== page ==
If given a choice, students prefer to learning in groups of their peers and friends (homogeneous groups), but they also appreciate getting to know and learn from other members of the classroom. This requires that we trust students to make good decisions and we hold them accountable for following the norms of learning in groups.

Effective learning in groups must have at least the following elements (Marzano, et. al, pages 85-86):

  • They must include every member of the group
  • Each person has a valid job to perform with a known standard of completion
  • Each member is invested in completing the task or learning goal
  • Each member is accountable individually and collectively

Remember that the desks are not attached to the floor and we can mix things up in heterogeneous and homogeneous groups in interesting and creative ways: eye color, left or right handedness, preferred pizza toppings, number of siblings, music preferences, gender, nationality, hair length, shoe laces, genetic traits, learning styles, etc.

How do your students find success in group-learning?

Comments (28)Sign in or register to postSubscribe to comments via RSS

Melissa Rankin's picture
Melissa Rankin
9th-10th grade English, 12th grade Gov and Econ, HS Speech & Journalism

Most of my groups are randomly designated (I use UNO cards a lot). The only time I group students either heterogeneously or homogeneously is when they are completing longer term projects. I find it is best to allow them some input into how they are grouped for major projects. I generally ask students to list 3 people they would like to work with and 3 people they would prefer not to work with. That way everyone works with at least one person they want to be with, and I can avoid conflicts I might not have been aware existed.

JTGates's picture
JTGates
Our organization (www.hoennycenter.org) studies how kids teach each other.

Thanks for opening this topic. The sharing was interesting and helpful, and I will pass along this URL to our Professional Partners Network. However, while everyone commented on how the groups were organized, neither the lead author nor the commentators mentioned anything about prepping the kids to actually do the work. Kids are teaching each other well, if these groups are actually working to raise achievement, and group members are improvising when they're not loading all the work on one or two members. They need and deserve some preparation. See www.hoennycenter.org for more on this. Also, it was unfortunate that the lead article did not mention the long-time leaders in research in cooperative learning, David W. Johnson and Roger T. Johnson of the U. of Minnesota. Their work (and that of some others) is the ground that Marzano, McTighe, and others stand on, whether or not they give the Johnsons the credit they deserve.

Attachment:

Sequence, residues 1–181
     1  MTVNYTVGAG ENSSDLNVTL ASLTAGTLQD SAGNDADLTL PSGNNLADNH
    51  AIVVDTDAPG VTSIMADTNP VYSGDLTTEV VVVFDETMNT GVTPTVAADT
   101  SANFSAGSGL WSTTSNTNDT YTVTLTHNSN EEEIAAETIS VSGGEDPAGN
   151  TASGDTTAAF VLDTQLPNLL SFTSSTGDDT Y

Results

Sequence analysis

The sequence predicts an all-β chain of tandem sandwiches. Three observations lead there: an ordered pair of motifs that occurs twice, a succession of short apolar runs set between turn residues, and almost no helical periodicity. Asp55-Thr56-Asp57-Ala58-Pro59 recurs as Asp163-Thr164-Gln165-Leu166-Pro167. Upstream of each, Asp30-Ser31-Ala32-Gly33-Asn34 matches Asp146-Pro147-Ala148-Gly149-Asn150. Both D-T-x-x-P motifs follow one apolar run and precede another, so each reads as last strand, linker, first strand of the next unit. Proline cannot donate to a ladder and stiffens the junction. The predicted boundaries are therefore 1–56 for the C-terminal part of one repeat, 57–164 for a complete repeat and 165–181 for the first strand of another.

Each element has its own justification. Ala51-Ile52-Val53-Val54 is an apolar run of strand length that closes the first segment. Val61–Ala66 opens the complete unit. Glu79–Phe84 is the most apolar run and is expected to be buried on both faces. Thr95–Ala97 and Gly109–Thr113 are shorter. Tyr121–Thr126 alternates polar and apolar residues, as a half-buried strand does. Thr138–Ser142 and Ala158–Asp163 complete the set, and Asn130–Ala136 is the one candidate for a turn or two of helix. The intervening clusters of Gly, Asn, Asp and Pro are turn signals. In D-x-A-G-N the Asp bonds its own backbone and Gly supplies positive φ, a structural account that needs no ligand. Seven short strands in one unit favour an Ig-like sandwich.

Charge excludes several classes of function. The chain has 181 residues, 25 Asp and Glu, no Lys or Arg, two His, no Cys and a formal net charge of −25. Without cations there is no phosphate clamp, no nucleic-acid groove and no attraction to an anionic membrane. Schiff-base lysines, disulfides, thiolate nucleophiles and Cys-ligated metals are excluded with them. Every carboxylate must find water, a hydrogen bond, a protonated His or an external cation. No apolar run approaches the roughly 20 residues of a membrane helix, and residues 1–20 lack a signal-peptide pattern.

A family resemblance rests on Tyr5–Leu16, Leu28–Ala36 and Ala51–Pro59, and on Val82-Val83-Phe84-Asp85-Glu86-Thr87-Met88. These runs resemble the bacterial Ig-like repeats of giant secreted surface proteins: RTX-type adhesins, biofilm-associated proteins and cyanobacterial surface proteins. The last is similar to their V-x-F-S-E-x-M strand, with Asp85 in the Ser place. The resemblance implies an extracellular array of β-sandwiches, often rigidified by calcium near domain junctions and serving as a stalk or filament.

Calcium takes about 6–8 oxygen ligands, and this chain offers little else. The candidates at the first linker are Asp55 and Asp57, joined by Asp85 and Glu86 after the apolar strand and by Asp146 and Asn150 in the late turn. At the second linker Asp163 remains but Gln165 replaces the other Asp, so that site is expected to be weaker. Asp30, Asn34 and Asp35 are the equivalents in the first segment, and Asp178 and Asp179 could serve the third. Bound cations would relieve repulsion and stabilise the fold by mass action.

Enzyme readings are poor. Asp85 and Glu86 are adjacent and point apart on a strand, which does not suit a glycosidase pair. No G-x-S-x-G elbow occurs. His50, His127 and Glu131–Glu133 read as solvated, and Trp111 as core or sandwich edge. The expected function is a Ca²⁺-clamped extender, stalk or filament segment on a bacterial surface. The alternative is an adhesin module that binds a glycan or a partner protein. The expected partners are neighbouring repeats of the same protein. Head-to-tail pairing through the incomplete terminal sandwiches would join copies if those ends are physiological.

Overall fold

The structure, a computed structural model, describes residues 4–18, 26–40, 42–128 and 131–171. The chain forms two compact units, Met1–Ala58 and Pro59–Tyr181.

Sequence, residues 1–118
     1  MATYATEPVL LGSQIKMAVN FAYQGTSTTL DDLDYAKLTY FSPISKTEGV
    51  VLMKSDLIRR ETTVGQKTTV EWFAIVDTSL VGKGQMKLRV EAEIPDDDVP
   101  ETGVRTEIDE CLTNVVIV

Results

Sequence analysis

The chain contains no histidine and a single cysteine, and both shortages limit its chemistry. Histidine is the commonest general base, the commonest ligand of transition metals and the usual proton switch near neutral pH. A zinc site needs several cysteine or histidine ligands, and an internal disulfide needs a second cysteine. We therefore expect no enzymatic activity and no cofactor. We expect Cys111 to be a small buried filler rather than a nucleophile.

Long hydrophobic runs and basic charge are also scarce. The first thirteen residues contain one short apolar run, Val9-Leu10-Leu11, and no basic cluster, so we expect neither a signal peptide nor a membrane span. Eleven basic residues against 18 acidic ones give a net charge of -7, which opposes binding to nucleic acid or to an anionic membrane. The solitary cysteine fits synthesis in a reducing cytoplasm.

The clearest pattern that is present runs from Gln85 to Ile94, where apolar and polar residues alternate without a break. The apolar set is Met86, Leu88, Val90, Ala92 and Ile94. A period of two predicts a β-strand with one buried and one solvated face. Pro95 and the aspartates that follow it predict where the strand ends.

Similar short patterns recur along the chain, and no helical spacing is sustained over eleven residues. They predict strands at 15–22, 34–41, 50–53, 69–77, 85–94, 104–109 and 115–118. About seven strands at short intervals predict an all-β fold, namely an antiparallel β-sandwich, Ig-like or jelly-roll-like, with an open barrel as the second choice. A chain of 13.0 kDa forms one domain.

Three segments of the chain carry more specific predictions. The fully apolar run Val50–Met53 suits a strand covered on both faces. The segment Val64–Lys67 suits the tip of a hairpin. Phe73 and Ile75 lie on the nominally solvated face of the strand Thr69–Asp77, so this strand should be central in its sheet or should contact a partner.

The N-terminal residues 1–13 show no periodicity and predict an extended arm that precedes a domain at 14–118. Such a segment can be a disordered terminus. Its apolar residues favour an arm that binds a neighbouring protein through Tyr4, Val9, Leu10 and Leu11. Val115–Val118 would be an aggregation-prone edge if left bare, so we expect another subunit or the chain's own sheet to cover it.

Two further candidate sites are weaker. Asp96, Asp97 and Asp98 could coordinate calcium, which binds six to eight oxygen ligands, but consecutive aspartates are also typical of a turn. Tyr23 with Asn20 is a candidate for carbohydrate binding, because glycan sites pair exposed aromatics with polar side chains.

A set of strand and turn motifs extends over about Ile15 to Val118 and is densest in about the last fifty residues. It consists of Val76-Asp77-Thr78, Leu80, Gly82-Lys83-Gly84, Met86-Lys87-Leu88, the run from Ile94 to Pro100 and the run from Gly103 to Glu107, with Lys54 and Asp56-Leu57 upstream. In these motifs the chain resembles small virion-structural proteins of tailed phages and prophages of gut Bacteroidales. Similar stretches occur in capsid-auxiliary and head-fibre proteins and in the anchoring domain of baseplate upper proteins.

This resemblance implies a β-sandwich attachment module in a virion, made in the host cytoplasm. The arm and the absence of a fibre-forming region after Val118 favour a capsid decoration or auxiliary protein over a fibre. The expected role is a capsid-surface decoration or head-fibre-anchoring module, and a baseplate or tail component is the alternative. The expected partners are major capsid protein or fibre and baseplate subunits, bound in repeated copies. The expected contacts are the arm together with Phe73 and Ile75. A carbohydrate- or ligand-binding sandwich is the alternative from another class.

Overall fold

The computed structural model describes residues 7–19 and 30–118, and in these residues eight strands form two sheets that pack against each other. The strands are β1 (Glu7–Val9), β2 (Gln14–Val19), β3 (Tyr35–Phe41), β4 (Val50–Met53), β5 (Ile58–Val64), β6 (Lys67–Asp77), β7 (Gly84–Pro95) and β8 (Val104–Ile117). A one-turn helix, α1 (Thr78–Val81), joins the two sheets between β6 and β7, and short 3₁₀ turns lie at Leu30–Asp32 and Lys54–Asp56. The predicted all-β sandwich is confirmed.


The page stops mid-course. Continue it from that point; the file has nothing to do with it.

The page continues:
PShafer's picture
PShafer
8th Grade Math Teacher

Ben,

Thank you for posting such an insightful look at the idea of grouping in the classroom. I have always been a teacher who groups students heterogeneously, but I must admit that I have not given it a lot of thought until I read your post.

After reading your post, I now think there is a time and a place for each type of grouping, and it depends on our goals for the day and how well our students work together. On days that I have students grouped together for an activity that is reviewing on the day before a test, for example, I will most likely to continue using heterogeneous grouping for most of my classes. Students can often be the best teachers, and if I am simply trying to make sure that all students understand the material that will be on the test, this still makes the most sense to me.

However, on any other group assignment, I am going to attempt homogeneous grouping. After reading your explanation, I believe that this method will improve participation across the class. Have you ever tried altering the assignment for different groups? I plan to modify the assignments to ensure that the highest groups are challenged, while the lowest groups are not completely lost.